255 heads, 63 sectors/track, 60801 cylinders
Units = cylinders of 16065 * 512 = 8225280 bytes

Disk /dev/sdb doesn't contain a valid partition table

As you can see the sdb1 is gone. I am not sure what is going on. I re-try creating a new partition using fdisk, but still not successful.

Can someone explain me if I did anything incorrectly?
 
Old 05-30-2008, 08:20 PM   #2
pixellany
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When you finished with fdisk, did it say something about the kernel still using the old partition table? Typically, a reboot is required for the kernel to recognize a new partition. Try making the partition, re-booting, and then creating the filesystem.

(Just a hunch)
 
Old 05-30-2008, 08:47 PM   #3
Emerson
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Pixellany is right, fdisk probably calls blockdev --rereadpt before exiting but it may not work over USB. BTW, as side note, you do not need to partition if you want to create a single filesystem ... look up the definition of partition in a dictionary .
 
Old 05-30-2008, 08:55 PM   #4
pixellany
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Quote:
Originally Posted by Emerson View Post
Pixellany is right, fdisk probably calls blockdev --rereadpt before exiting but it may not work over USB. BTW, as side note, you do not need to partition if you want to create a single filesystem ... look up the definition of partition in a dictionary .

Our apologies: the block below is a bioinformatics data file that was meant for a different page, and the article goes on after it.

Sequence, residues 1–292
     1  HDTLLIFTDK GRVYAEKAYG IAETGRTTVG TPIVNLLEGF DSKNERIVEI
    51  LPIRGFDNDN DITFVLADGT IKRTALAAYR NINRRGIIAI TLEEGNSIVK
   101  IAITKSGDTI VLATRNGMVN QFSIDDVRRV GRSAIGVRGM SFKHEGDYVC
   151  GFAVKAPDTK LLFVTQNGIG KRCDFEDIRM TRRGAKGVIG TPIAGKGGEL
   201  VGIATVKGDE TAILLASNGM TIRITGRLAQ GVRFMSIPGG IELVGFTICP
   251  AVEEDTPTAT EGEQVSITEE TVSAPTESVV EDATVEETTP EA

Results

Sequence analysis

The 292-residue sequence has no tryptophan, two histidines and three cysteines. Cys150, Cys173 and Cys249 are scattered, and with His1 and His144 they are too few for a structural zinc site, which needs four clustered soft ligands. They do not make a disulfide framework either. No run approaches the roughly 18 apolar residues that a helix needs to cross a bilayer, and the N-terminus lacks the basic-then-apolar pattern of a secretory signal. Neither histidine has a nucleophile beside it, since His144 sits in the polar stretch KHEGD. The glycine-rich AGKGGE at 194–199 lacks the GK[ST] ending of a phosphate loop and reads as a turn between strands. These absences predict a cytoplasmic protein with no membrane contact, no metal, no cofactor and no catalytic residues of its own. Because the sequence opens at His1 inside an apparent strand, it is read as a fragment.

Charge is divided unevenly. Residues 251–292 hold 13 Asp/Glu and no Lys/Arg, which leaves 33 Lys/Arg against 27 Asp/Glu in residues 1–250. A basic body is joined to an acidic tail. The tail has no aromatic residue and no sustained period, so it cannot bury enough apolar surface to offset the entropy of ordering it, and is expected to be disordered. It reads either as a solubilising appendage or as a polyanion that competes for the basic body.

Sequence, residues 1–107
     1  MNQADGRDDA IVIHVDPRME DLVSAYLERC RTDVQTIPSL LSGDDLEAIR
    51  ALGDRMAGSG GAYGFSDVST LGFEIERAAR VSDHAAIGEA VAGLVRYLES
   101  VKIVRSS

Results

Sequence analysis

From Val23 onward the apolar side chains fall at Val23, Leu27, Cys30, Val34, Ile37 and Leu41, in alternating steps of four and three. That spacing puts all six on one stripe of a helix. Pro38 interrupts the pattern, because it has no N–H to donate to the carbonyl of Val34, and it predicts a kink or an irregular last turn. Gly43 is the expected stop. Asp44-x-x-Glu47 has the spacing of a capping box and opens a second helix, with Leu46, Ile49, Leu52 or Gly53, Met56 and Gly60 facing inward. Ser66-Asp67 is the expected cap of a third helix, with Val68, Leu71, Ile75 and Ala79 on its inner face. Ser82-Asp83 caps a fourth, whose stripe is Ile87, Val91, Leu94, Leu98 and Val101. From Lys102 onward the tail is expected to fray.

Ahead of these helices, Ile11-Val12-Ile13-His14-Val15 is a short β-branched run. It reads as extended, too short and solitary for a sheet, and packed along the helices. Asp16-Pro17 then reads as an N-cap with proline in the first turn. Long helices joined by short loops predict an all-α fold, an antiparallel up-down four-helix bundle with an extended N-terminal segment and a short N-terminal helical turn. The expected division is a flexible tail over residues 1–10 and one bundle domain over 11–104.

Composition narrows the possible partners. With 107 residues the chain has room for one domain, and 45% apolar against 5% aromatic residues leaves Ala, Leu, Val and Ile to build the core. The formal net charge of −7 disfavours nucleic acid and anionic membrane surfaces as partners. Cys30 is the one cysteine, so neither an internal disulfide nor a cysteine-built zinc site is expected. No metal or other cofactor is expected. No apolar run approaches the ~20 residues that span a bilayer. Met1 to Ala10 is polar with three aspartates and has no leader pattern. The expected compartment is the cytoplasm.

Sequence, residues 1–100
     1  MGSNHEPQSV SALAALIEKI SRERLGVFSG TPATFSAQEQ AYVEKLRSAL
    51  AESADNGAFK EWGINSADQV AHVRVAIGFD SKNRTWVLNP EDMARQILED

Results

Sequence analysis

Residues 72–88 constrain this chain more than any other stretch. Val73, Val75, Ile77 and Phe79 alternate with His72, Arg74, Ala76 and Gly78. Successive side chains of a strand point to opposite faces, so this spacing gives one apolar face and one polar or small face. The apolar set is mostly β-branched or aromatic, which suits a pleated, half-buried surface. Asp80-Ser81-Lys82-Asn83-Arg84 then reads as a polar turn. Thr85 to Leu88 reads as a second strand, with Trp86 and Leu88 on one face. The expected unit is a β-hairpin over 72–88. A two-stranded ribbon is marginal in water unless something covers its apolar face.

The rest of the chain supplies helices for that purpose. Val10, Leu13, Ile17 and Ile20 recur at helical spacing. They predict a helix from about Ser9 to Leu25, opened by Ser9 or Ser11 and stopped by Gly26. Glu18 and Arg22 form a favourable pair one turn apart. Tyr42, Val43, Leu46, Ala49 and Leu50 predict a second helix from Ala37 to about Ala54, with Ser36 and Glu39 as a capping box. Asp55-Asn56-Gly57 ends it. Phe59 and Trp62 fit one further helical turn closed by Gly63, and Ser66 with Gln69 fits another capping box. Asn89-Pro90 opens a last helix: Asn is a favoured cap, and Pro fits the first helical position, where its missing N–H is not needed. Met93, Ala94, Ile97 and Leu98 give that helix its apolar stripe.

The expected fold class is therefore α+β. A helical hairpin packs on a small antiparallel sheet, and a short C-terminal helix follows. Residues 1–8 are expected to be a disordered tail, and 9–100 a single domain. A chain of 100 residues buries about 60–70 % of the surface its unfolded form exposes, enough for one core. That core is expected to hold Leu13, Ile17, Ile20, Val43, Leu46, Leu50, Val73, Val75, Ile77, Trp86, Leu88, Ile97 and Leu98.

That's a new one---are you saying that you can create a filesystem on---eg--/dev/sda?
 
Old 05-30-2008, 09:09 PM   #5
Emerson
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Why not? You can create filesystem on /dev/fdx, can't you? /dev/sda is a raw device as is /dev/fd0. I've to say I do it myself with storage drives when partitioning (dictionary meaning) is not needed, works fine.
 
Old 05-30-2008, 11:50 PM   #6
ufmale
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Thank you all for your suggestion. I will reboot my machine and see if the partition is there. can you think of any benefit of having a single partition rather than using the whole disk?
 
Old 05-31-2008, 08:27 AM   #7
pixellany
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Quote:
Originally Posted by ufmale View Post
Thank you all for your suggestion. I will reboot my machine and see if the partition is there. can you think of any benefit of having a single partition rather than using the whole disk?
I would never simply use the whole disk without partitioning---unless the disk is used only for data.

Given that you can format a drive without partitioning it (new one on me..) then I can't see how the system will care---ie, once it's mounted, it's going to be simply a directory to put files in.
 
Old 05-31-2008, 08:39 AM   #8
Emerson
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I assure system does not care if a filesystem is wrapped into a partition table or not. After you mount it you won't see any difference.